Key study points:
1. Cardiopulmonary exercise testing is a vital measure of functional impairment in a variety of cardiovascular diseases including CAD, CHF, structural, valvular and congenital diseases.
2. Exercise testing may be very safe even in non-CAD cardiovascular diseases previously thought to be too high-risk for testing-related adverse events.
Primer: Exercise physiological testing measures maximal oxygen uptake (VO2max), which reflects the maximal ability of the patient to take in and utilize oxygen. An abnormally low VO2max indicates functional aerobic impairment, which can be due to reductions in maximum achievable heart rate, stroke volume, or altered relative concentrations of arterial and venous oxygen.
VO2 exercise testing has been utilized to measure exercise capacity and response to treatment in heart failure patients being considered for cardiac transplantation. Other indications for testing include differentiation of cardiac vs. pulmonary etiologies of dyspnea on exertion, and risk stratification in patients with coronary artery disease (CAD) and ischemic cardiomyopathy.
While several studies have demonstrated both the utility and safety of using exercise testing for prognostic monitoring in CAD and heart failure patients, use of this modality in patients with other forms of cardiovascular disease, such as aortic stenosis, hypertrophic cardiomyopathy (HCM), pulmonary hypertension, and congenital heart diseases, remains largely understudied. This paper attempts to answer the question of safety in these populations.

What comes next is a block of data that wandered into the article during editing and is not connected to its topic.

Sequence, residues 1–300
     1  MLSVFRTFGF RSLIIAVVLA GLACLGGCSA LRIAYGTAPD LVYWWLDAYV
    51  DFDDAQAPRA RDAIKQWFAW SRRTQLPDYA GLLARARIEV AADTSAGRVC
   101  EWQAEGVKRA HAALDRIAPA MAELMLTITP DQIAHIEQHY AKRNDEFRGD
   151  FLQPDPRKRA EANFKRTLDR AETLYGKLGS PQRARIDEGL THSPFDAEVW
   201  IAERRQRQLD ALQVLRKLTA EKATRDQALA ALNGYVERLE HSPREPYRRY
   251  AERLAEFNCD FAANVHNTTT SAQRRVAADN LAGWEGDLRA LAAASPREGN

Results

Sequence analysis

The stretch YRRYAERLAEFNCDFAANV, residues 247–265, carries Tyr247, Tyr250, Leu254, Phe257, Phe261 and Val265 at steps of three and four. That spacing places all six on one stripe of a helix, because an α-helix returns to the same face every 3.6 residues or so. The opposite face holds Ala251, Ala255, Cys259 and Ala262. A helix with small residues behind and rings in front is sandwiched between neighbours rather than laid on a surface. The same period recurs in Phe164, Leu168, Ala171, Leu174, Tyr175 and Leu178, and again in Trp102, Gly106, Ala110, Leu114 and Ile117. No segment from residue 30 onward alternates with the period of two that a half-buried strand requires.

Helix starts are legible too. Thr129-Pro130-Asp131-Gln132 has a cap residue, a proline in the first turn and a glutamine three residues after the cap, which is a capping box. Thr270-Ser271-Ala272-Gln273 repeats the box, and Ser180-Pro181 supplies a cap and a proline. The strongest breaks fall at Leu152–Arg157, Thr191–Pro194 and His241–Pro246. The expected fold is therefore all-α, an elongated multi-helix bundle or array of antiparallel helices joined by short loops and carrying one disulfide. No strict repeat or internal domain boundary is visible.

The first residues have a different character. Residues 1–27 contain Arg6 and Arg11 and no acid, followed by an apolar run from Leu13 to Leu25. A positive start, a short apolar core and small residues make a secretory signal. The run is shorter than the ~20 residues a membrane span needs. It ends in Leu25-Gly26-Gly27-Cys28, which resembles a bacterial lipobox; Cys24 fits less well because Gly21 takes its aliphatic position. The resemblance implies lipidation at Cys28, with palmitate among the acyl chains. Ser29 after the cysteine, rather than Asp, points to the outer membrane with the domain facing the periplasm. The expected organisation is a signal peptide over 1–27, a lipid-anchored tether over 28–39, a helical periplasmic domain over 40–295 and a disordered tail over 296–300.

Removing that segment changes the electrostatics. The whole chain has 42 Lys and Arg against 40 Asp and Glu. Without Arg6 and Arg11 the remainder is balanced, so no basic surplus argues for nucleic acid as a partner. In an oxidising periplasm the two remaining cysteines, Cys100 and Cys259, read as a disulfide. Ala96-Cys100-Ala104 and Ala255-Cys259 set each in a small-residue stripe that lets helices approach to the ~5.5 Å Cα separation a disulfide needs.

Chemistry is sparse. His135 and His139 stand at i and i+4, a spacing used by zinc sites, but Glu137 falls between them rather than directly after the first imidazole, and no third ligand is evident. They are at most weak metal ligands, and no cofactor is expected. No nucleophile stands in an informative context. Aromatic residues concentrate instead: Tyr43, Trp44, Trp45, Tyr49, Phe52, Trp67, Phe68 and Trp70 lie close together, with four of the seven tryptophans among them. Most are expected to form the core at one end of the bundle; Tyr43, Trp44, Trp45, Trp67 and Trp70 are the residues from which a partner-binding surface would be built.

This [retrospective cohort] study: Cardiopulmonary exercise testing results from 5,060 cardiovascular disease patients with congestive heart failure, aortic stenosis, other valvular diseases, congenital heart disease, HCM, prior cardiac transplantation, pulmonary hypertension and other diseases were surveyed. Echocardiogram results were surveyed when available.
Most patients from this study had symptom-limited testing with termination due to fatigue, dyspnea or angina; the rest were from ECG changes, abnormal blood pressure, patient request or adverse events.
In total, 8 adverse events occurred (0.16%). Of these, none were fatal and 6 were sustained VT which terminated spontaneously. All 8 events occurred in males.
In sum: This large single-center retrospective analysis including several participants with a variety of cardiovascular diseases demonstrated a low rate of adverse events and no fatal outcomes from exercise testing.
Despite the strengths of patient diversity and participant number, the study’s generalizability may be limited by its occurrence at a single academic center. In addition, review of echocardiographic and other data in selected patients was over a wide period relative to timing of exercise testing, limiting accurate correlation of disease status at the time of testing.
In spite of these limitations, the study still demonstrates the safety of this modality in a varied high-risk disease population and warrants reevaluation of current contraindications for such testing.
By [SK] and [MP]
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